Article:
The brake master cylinder acts as the hydraulic braking system’s control center. It can be manually operated with the least amount of effort using the hand lever or the assistance foot pedal. It helps in pumping brake fluid into the brake system.
Let’s dive into more details of the brake master cylinder.
The force delivered to the brake pedal is used by the brake master cylinder, which pumps the hydraulic braking system to create hydraulic pressure in the brake lines. Wheel cylinders at the end of the brake line utilize this hydraulic pressure to provide brake pressure to all of the wheels.
These are a few of the critical functions of the brake master cylinder:
- Brake fluid pumping
The brake master cylinder is a lever- or pedal-operated pump that aids in applying high-pressure braking fluid to the brake lines.
- Maintains moderate pressure in the brake lines
The check valve in the master cylinder aids in maintaining a specific pressure in the braking lines. The brake pedal doesn’t have to move very far when you press the brakes.
- Equal braking efforts
It helps to supply equal braking pressure to each tire since it keeps the same pressure throughout the brake lines.
- Retrieving the brake fluid
The brake fluid in the brake lines returns to the master cylinder’s reservoir after the brake is lifted.
The master cylinder for manual brakes is directly fastened to the firewall and connected to the brake pedal.
The master cylinder of power-assisted brakes is connected to a brake booster, which gives the braking system extra power. The brake pedal is connected to the booster by the assembly, which is fastened to the firewall in the engine compartment.
How does the Brake Master Cylinders work?
The brake master cylinder’s job is to convert the force generated by the brake pedal into hydraulic pressure. The master cylinder achieves this by supplying braking fluid to the brake circuit.
Your car has a brake master cylinder, whether it has drum brakes or disc brakes. It also regulates how much braking fluid is delivered in accordance with the pressure put on the brake pedal.
A vehicle must have two separate braking circuits. They have tandem master cylinders that produce the hydraulic pressure needed by them. By doing so, the other braking circuit will already have enough brake pressure to continue operating even if one braking circuit malfunctions.
Your foot applies power pressure to the pressure piston each time you depress the brake pedal. It causes the pushing of the piston closer to the braking line.
In earlier cars, the piston collar going on top of the bore causes the pressure chamber to collapse, which generates the brake force. Spring supports the pressure piston in contemporary automobiles. Because of this, when you release the brake pedal, it returns to its initial position.
The brake fluid then returns to the master cylinder as a result. By doing this, the brake pressure will be increased once more the next time you push the brake pedal.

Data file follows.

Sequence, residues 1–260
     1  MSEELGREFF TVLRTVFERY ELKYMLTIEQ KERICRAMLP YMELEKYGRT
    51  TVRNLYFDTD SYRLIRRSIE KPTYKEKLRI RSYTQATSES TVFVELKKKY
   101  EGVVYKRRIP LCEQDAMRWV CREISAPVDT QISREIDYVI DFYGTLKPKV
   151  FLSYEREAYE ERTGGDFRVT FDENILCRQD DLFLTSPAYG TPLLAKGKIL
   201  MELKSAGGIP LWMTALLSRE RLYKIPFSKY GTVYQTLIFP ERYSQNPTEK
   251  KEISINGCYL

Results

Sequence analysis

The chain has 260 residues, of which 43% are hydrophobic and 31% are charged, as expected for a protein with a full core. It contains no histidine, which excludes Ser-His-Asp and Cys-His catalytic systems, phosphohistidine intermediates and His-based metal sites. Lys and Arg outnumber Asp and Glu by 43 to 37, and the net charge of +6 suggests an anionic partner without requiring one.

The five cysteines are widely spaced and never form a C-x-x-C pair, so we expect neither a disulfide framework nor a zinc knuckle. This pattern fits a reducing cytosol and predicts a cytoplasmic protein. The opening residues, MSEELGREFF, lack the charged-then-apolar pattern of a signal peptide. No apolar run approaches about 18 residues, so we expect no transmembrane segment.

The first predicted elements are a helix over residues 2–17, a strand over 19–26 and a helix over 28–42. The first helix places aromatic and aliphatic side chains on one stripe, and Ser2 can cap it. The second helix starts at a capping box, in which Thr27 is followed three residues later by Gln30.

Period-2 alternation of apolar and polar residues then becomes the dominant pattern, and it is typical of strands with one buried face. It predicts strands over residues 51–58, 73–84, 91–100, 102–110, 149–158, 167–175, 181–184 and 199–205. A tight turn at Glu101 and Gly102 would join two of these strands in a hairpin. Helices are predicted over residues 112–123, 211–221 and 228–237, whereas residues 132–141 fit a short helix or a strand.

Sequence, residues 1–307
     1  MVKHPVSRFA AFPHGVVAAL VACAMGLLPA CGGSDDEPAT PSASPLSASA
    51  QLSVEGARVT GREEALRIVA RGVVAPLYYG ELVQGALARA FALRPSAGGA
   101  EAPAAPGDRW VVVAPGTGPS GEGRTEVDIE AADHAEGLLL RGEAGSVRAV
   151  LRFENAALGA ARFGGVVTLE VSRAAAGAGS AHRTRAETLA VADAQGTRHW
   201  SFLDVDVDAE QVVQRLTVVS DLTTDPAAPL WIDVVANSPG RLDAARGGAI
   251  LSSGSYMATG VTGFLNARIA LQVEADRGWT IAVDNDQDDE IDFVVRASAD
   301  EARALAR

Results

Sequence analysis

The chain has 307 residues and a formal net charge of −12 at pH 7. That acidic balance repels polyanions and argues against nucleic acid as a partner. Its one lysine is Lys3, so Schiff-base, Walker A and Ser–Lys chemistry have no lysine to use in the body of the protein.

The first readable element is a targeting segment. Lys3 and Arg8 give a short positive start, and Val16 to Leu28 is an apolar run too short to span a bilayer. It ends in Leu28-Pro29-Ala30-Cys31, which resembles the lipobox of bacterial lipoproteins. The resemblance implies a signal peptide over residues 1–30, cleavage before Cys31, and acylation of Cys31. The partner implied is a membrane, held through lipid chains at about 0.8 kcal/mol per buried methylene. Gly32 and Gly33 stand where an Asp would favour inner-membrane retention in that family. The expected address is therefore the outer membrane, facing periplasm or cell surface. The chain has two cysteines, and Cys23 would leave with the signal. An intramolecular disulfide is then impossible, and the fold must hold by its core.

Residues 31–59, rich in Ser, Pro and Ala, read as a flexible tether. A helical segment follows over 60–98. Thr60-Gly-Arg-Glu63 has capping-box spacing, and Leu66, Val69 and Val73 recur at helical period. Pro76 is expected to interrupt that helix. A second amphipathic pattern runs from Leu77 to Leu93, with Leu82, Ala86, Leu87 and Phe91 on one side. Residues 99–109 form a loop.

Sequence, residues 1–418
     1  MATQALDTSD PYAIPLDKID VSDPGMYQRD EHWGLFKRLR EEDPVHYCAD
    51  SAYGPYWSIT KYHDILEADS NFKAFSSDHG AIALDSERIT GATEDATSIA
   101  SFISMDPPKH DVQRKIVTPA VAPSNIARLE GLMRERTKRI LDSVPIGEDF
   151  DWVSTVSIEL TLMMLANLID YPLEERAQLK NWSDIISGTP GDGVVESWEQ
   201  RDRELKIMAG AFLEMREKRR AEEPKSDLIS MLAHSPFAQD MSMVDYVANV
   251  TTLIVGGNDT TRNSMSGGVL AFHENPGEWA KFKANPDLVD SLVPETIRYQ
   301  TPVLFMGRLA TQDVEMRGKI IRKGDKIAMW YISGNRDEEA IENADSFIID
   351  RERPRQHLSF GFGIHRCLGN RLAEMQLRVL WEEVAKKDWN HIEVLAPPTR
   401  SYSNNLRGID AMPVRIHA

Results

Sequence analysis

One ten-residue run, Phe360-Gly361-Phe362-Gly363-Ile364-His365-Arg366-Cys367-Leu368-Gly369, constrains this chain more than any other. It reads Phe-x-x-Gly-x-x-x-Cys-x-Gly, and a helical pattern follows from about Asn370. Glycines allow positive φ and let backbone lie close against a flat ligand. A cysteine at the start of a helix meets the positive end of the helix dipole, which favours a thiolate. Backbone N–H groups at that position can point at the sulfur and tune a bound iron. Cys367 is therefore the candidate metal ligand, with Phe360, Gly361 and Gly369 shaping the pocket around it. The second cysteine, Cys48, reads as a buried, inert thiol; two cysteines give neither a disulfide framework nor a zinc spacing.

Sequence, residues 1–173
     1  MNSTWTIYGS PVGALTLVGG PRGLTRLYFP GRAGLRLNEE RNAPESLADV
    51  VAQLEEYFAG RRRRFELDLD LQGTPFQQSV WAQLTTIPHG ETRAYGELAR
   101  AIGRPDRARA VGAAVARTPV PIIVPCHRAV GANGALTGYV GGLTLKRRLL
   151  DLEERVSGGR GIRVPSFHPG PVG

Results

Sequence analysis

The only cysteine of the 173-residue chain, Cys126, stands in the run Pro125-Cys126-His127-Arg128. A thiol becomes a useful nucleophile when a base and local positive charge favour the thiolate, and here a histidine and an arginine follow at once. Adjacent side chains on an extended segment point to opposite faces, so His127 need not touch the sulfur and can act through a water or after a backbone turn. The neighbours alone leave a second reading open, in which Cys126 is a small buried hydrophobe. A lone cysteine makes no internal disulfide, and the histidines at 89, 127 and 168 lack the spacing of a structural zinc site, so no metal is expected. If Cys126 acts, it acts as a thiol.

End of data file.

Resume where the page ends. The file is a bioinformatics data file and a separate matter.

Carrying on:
There are a few obvious signs that give alert signals to you about the need for a brake master cylinder inspection.
- Soft Brake Pedal
Your braking system will change as your brake master cylinder and its component parts start to deteriorate. Driving may cause you to observe the following:
- Need to exert extra force when applying the brakes.
- The brake pedal may feel spongy.
- Your brake pedal may even completely sink to the bottom.
- Dirty Brake Fluid
Dirty brake fluid is created when seals begin to break down into tiny pieces and gather in your reservoir. The brake fluid will appear dirtier or darker in this situation. Your braking system’s performance may suffer if your brake fluid has grown filthy or compromised.
Internal corrosion in your master cylinder, brake lines, and other braking system parts can be brought on by brake fluid that has become contaminated by moisture.
- Check Engine Light ON
check service engine soon light on is another indicator of the faulty master brake cylinder. This is particularly valid for more modern vehicles.
If your car is of this generation, the brake master cylinder may have pressure and fluid level sensors attached to them. These sensors can identify any issues with the brake master cylinder, which regulates the pressure of your brake fluid.
You most likely have a brake master cylinder issue if the pressure in your brake fluid lowers. The brake warning tail light could possibly turn on as a result of this circumstance.
The following steps will show you how to correctly test the brake master cylinder:
Step 1: Open the hood of your automobile and look for the brake fluid reservoir.
Step 2: Have a friend or relative sit in your car while you use the brakes. Check the cylinder when they apply brakes. See if the fluid starts to swirl or bubble. If so, it’s time to examine the brake master cylinder.
Step 3: Consider looking around to make sure there aren’t any leaks.
Step 4: Press down on the brake pedal to start putting pressure on your brakes. Keep applying pressure until the pedal stops. However, if you notice the brake pedal sinking deeper into the floor, then there is a good chance that your brake master cylinder requires fixing or replacement.
Frequently Asked Questions (FAQs)
What are the causes of the failure of the Brake Master Cylinder?
These are the most probable reasons for the failure of the master brake cylinder:
- City Driving
- Lack of Fluid
- Fluid Leaks
How Can Brake Master Cylinder Leaks Be Prevented?
A critical first step toward stopping leaks is regular testing. Any form of fluid leakage can endanger your car. Therefore, a regular examination by a qualified professional is necessary.
Is getting your brake master cylinder checked important?
A crucial component of the complete braking system is your brake master cylinder. Your brakes won’t be dependable or safe to use if it fails. So, it is very important to inspect the brake cylinder regularly.